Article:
Asian American Christian Leaders Call on Evangelicals to Higher Standard After 'Repeated and Offensive Racial Stereotyping'

Asian American Christians
Asian American Christians join 22,000 college students in worship in St Louis, Mo., in this file photo. |

Asian-American Christian leaders have invited evangelicals to engage in "dialogue and conversation" after two recent public incidents highlighted what the group calls "the repeated and offensive racial stereotyping of Asian-Americans."

"From VBS curriculum, to youth skits, to general Christian trade books, Asians have been caricatured, mocked, or otherwise treated as foreigners outside the typical accepted realm of white evangelicalism. And the situation has not improved over time," wrote the Asian American community leaders in an open letter addressed to the "Evangelical Church."

"We are a part of the body, we are North American Christians every bit as much as any other North American Christian, and we are weary, hurt, and disillusioned by the continuing offensive actions of our fellow brothers and sisters in Christ," the letter continued.

The letter comes several weeks after Saddleback mega-church pastor Rick Warren posted a smiling Red Guard member Communist propaganda image on Sept. 23, captioned "The typical attitude of Saddleback Staff as they start work each day."

After Asian-American leaders commented on the image and shared how it evoked personal painful memories and pejorative stereotypes, Warren deleted it and offered his apologies.

"Staff handed me a hard copy of an email from someone offended by a picture I posted. If you were hurt, upset, offended, or distressed by my insensitivity I am truly sorry. May God richly bless you," he wrote on Sept. 25.

Red Guard Member
Asian-Americans criticized Rick Warren, after posted a Chinese propaganda image of a smiling Communist Red Guard girl with the caption "The typical attitude of Saddleback Staff as they start work each day." |

Last week, one session at the Saddleback Church-hosted Exponential Conference featured a video depicting the relationship between a pastor and his assistant. In an apparent parody of "The Karate Kid," the video included a white man speaking with Chinese accent, karate and the two actors bowing to one another.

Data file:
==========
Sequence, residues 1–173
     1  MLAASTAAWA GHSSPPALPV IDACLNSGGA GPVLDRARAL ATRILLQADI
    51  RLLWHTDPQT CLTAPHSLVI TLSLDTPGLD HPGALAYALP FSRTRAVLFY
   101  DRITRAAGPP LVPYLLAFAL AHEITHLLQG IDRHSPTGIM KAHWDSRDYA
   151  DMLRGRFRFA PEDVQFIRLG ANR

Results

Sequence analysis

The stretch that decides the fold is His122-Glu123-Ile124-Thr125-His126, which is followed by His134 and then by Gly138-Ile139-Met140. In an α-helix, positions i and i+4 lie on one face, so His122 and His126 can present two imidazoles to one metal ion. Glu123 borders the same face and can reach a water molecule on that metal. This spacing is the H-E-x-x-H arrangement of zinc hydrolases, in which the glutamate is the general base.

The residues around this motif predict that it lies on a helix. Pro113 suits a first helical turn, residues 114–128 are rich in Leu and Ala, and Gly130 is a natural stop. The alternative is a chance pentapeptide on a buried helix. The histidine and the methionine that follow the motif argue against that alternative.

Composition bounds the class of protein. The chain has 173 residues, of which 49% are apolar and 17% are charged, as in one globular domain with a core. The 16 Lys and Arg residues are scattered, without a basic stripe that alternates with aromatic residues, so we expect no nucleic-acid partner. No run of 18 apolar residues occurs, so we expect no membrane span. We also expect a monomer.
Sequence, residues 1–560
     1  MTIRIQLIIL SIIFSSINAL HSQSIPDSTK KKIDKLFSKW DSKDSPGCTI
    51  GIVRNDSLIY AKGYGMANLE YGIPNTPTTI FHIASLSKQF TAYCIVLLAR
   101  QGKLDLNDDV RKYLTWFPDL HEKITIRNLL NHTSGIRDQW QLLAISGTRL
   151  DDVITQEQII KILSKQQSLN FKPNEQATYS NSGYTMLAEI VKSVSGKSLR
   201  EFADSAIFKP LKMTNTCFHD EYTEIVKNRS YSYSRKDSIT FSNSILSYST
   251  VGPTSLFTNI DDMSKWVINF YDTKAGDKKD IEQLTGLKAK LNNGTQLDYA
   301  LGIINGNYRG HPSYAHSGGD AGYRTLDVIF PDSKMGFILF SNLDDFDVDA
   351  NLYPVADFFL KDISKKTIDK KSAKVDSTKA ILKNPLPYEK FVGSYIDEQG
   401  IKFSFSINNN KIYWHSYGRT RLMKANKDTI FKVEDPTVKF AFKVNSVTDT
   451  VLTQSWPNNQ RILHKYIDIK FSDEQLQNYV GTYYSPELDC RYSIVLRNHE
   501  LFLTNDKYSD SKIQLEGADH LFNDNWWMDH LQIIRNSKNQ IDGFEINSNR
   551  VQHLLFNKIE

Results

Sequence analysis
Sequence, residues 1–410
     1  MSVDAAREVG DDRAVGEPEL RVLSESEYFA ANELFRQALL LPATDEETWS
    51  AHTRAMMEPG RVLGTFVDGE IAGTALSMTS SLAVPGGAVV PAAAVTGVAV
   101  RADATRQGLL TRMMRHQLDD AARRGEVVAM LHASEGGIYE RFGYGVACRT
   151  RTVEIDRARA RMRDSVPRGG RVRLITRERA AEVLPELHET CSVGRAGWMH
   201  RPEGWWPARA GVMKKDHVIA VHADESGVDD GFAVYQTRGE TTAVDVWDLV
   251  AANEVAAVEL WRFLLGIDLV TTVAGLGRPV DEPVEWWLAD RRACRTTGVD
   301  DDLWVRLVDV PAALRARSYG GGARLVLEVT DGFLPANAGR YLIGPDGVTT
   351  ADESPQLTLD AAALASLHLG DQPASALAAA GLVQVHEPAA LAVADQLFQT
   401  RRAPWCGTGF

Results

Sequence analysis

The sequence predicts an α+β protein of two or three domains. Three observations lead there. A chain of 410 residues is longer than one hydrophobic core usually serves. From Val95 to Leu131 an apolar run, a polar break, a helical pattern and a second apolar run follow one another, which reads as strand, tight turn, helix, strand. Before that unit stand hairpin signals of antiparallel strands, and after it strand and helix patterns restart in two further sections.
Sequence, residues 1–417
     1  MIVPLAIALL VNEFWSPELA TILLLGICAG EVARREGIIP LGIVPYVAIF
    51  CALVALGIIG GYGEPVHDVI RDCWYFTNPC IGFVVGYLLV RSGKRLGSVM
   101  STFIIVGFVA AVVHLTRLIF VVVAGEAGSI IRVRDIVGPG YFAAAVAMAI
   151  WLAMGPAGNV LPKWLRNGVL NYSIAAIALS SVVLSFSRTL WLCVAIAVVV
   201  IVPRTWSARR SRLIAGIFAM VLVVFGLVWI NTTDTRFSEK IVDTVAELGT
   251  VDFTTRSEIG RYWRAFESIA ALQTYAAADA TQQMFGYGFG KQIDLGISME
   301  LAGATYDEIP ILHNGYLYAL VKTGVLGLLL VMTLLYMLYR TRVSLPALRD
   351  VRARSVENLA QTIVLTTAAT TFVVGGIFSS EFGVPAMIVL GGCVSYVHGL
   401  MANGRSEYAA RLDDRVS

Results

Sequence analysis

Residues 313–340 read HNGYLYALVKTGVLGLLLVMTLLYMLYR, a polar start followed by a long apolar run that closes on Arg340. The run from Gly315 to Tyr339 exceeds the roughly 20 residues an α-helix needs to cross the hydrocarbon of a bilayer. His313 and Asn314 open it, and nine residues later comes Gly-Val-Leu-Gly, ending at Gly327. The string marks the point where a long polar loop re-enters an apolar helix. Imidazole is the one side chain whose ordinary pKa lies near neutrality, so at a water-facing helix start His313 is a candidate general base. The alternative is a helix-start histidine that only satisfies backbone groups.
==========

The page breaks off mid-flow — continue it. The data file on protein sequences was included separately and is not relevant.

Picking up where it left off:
After organizers of the Exponential Conference realized the video had raised the ire of some Asian-American attendees and discussion in the blogosphere, Exponential Director Todd Wilson and President Dave Ferguson convened Asian-American church leaders, Ray Chang, DJ Chuang, Daniel and Jeya So and Brian Chan to hear their perspectives and apologize for airing the video.

After one of the leaders shared about how the video had brought back painful childhood memories, conference organizers had the chance to understand the hurt the video caused.

"This story was eye-opening for me," Ferguson said in a blog post on the conference website. "We all have pain points that are often unintentionally triggered. I realized how for many people the scene in that video cut deep. I gained new and helpful insights into some of my own blind spots."

The message of the open letter is meant to address a much larger, systemic problem between the Asian-American community and the evangelical church than just the recent Facebook post and "Karate Kid" video, said Intervarsity Regional multiethnic ministries director, Kathy Khang.

"It's much deeper than trying to make a joke out of the Karate Kid, this is complicated history and a relationship with generational immigrant churches and kids being raised up trying to find a place in America, cultural, and ethnic identity," she said, also adding that missteps made in the history of overseas missions to east Asia had also played a role.

Prior to the release of the letter, many of its close to 100 signatories had been "in conversation for over a decade" discussing their frustrations with what they deemed "cultural appropriation" in the church — Christian publishers and organizers taking stereotypical elements of Asian culture and incorporating it into anything from VBS curriculum to skits performed at church conferences.

Khang said that she hopes the letter's readers will "recognize this isn't just about a group of Asian-American Christians upset about a joke," but that it will be an opportunity for individuals to reflect on the diversity of the church.

"This isn't about being politically correct. This is not trying to use language so that we have to tippy toe around each other, but using language that actually is honoring and a blessing it to each other instead of words that are meant to put one another up."

Khang said that although some Christians accuse Asian Americans of putting their ethnicity ahead of the Gospel, particular language and stereotypes only inhibit how the Gospel is shared.

She wonders how the Gospel can be shared effectively if messages are used "that exclude an entire group that we say are a part of God's family."

"What I hear is that my culture, my language, and who I am as God created me to be, doesn't matter, and that actually, it should be, secondary to a more majority culture type of Christianity," Khang explained.

The letter focuses primarily on educating the Church and institutions about racial stereotyping and investigating any barriers that may be holding Asian Americans back "from having a presence and a voice in the evangelical world," said Khang and others.

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